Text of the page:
Depeche Mode - Songs of Faith and Devotion Live

To promote the studio album, Songs of Faith and Devotion, Depeche Mode took the decision to undertake a massive tour, one that would prove a strain on all four members. With Depeche Mode travelled a huge entourage, which at one point included a $5000 a week psychiatrist. Communication between them broke down so much that they barely spoke to each other off-stage. Separate limos, separate assistants, and at one point on the tour, they even insisted on separate hotel floors to keep them apart.

For the tour, they actually travelled the world twice, with a break of a number of months between the two halves of the tour. The decision to tour again after the break came out of the financial necessity – such was the scale of the tour, it was the only way to actually turn in a decent profit. It was this second half of the tour that would be the most disastrous, especially when hard-partying Primal Scream were added as support act. Martin Gore suffered a seizure during a business meeting and again in his hotel room, due to the excess alcohol and lack of sleep. Alan Wilder contracted kidney stones, again brought on by stress. Fletch was the first one to bail out, returning home half way through suffering from nervous exhaustion, replaced by one of the tour assistants. And Dave Gahan’s decent into causality status is well documented. His drug abuse continued, despite his protestations that the scratches on his arm were caused by an over enthusiastic crowd.

Between the two tours, while the other band members rested, Alan Wilder and Steve Lyon prepared this live document, and, in a (for the time) original approach mixed and produced an album which captures the previous release, song for song. No other material is present on this album – it presents Songs of Faith and Devotion, live, in the order of the original LP. And it simply does not work.

Whilst the songs sound fine and fit together well on the studio album, this live version captures none of the excitement. The arrangements are sometimes different, and the songs sound muted and lack any passion. This structure means that the album often sags, and becomes a real effort to listen to. It starts fine – “I Feel You”, with its extended introduction, sounds great, and gets things off to a good start, but “Walking in my Shoes” sounds awful, it plods along, Gahan’s voice thick and droning. “Condemnation” is better, Gahan obviously enjoying the song as he blasts it out, but from here, it is downhill all the way.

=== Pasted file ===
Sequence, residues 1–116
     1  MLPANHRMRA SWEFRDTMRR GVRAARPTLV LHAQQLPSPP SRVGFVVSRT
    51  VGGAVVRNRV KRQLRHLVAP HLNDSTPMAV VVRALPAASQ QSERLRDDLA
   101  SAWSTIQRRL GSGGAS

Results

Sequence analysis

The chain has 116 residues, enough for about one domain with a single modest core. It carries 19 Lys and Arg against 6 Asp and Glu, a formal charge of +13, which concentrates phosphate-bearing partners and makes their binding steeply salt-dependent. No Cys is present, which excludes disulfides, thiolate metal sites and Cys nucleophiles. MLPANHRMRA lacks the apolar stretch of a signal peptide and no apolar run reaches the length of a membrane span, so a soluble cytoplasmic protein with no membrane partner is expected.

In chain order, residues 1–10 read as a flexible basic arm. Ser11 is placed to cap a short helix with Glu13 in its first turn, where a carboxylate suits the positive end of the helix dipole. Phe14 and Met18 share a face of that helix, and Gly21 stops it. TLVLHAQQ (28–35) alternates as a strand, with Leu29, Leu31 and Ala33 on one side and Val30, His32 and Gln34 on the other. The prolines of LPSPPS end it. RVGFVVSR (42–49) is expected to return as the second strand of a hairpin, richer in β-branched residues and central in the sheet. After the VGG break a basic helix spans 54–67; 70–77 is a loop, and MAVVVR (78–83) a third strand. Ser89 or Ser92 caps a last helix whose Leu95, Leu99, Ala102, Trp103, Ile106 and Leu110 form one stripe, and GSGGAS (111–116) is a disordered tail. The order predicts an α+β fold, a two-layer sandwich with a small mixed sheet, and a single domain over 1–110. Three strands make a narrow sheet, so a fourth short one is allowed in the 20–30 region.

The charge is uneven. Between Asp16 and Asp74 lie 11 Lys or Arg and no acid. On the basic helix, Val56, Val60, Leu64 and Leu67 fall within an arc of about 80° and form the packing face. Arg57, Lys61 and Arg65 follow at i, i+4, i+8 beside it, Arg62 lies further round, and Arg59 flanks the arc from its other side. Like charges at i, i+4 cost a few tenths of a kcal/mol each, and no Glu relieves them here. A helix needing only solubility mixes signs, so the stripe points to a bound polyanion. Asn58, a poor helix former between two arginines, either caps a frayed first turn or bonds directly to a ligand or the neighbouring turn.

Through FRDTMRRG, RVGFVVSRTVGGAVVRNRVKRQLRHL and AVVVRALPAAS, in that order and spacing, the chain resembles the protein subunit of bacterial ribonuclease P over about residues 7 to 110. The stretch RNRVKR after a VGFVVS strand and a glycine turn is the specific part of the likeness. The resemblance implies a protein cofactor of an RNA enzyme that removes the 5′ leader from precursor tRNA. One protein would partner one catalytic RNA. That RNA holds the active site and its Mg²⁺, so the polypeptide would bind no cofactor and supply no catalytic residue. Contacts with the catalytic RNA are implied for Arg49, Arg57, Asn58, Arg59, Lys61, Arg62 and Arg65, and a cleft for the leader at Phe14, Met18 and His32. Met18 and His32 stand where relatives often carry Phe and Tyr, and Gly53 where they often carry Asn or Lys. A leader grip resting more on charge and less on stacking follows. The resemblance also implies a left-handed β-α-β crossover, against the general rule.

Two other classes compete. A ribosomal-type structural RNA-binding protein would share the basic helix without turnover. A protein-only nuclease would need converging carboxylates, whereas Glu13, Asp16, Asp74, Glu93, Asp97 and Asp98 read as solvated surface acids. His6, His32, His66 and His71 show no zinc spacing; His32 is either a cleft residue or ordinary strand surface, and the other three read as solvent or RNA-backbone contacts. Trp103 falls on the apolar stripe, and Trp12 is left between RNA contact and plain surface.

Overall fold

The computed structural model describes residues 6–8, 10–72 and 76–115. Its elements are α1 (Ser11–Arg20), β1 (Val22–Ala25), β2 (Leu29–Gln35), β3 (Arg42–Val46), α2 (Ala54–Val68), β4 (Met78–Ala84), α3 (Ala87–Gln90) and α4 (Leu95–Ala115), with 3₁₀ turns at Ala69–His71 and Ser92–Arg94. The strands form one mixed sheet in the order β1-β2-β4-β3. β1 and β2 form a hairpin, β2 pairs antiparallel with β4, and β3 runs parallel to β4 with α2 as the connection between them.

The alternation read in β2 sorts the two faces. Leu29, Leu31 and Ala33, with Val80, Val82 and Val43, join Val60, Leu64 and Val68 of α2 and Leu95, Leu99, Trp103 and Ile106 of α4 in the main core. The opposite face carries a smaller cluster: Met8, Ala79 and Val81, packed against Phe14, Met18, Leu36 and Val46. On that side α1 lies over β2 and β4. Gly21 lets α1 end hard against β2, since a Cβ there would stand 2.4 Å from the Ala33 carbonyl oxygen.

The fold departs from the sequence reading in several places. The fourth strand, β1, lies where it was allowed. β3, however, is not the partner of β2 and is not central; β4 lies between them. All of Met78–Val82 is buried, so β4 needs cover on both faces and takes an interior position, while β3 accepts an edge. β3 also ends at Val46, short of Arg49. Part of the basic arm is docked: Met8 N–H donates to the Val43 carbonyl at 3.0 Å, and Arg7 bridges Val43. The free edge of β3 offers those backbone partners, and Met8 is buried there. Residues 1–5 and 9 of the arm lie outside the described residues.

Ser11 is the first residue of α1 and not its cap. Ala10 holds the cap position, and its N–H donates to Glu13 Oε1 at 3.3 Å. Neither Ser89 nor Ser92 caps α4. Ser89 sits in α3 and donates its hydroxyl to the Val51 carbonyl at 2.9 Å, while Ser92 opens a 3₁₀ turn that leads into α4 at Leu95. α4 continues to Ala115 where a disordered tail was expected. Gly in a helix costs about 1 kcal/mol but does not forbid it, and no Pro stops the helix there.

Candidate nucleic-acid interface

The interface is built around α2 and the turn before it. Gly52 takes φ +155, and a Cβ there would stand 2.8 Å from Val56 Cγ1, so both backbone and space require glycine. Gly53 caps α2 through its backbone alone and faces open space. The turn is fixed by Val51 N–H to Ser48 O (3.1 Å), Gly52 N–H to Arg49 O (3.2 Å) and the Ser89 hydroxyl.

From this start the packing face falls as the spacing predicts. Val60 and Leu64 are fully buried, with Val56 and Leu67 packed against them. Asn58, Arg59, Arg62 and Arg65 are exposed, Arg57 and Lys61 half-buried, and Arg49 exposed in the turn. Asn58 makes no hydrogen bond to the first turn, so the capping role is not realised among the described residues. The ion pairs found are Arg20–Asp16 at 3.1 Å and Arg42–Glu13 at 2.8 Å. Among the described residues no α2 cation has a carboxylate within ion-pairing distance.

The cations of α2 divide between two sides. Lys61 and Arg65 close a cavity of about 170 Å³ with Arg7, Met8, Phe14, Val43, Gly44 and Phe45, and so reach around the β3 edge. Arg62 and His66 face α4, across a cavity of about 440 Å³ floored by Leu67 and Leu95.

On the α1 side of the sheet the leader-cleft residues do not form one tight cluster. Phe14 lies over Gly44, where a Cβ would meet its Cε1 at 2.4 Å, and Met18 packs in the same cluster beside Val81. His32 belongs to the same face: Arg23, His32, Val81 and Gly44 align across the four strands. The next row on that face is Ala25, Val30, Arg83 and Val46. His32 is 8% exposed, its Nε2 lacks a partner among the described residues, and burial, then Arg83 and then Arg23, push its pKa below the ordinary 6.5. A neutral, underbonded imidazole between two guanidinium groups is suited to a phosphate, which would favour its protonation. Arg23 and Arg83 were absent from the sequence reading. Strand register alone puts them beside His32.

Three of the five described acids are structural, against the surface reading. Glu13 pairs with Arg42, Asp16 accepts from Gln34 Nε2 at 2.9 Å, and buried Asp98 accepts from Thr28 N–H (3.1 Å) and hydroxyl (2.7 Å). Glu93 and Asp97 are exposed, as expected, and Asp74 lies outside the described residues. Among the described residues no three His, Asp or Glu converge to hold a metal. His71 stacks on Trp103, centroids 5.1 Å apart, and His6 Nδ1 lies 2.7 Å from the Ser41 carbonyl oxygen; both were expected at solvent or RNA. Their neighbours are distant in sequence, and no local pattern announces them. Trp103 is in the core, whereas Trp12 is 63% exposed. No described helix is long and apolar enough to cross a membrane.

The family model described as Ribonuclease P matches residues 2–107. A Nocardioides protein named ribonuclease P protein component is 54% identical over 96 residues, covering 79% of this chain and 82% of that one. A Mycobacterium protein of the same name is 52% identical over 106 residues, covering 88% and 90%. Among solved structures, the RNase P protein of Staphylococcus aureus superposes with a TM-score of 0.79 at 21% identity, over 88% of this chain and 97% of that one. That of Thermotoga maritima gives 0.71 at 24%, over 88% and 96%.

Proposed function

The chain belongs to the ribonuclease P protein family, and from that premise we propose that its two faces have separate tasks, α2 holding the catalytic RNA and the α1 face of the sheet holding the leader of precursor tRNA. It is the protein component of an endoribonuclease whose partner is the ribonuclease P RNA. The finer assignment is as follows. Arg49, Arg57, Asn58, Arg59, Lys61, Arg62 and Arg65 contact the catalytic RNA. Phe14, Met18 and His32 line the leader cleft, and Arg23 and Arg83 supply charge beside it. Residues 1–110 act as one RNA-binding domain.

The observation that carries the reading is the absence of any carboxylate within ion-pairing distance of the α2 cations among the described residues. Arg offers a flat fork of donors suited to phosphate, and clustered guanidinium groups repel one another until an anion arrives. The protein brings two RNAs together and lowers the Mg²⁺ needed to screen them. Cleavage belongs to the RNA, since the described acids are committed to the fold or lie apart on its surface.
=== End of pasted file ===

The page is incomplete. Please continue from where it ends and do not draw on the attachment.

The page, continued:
Nothing else on this album sounds right. The crowd is loud and obtrusive. Gahan’s little yelps as he hypes the crowd are just annoying (never has a man shouted “oh yeah!” so much). Songs that sounded so rich and vibrant on the album sound flat and boring here. “Get Right With Me” is a classic example; an outstanding album track is reduced to drivel on this release. The way it plods along and suddenly bursts into Rush is just awful, the two songs obviously performed at opposite ends of the set list. Why they took the decision to stick with this rigid order, rather than showing how a gig builds, song by song, baffles me.

On the Devotional tour, the band played to close to 2,000,000 people. However, this album charted at 46, a colossal failure. Once the tour was finally over, the band dispersed, at the point where they did not even say goodbye to each other as they left. Back home, Dave Gahan would find his body twitching at the time every evening he would normally be on stage. His drug taking grew and grew, and became more public as his dependency became more obvious. His habit became known among his family as his mother, helping him look after his son, found him comatose, surrounded by his apparatus.

As for Alan Wilder, he finally decided that enough was enough. Driving in Scotland one day with his new wife, Hep (a singer from Devotional tour support act Miranda Sex Garden), he witnessed a plane crash. An RAF fighter crashed mere feet from his car, showering Wilder and his wife in debris. The silence afterwards was total and shocking, as the mangled body parts of the pilot lay strewn over the road. Wilder feels that this experience was life changing, and in June 1995 called a meeting where he announced his departure. Gahan was unable to attend, but Gore and Fletch were present. Fletch reacted angrily, but Gore accepted it, merely shaking Wilders hand and wishing him well.

Fletchers anger maybe suggests that he thought what Wilder assumed – that without him, the band would be finished. Wilder issued a statement to the press which, with no prior knowledge of the huge imbalance of workload in the studio, could be considered arrogant. But, with the most accomplished musician and studio boffin leaving, and the lead singer looking closer to death with every passing day, few would have thought that Depeche Mode had much of a future.



out of 10

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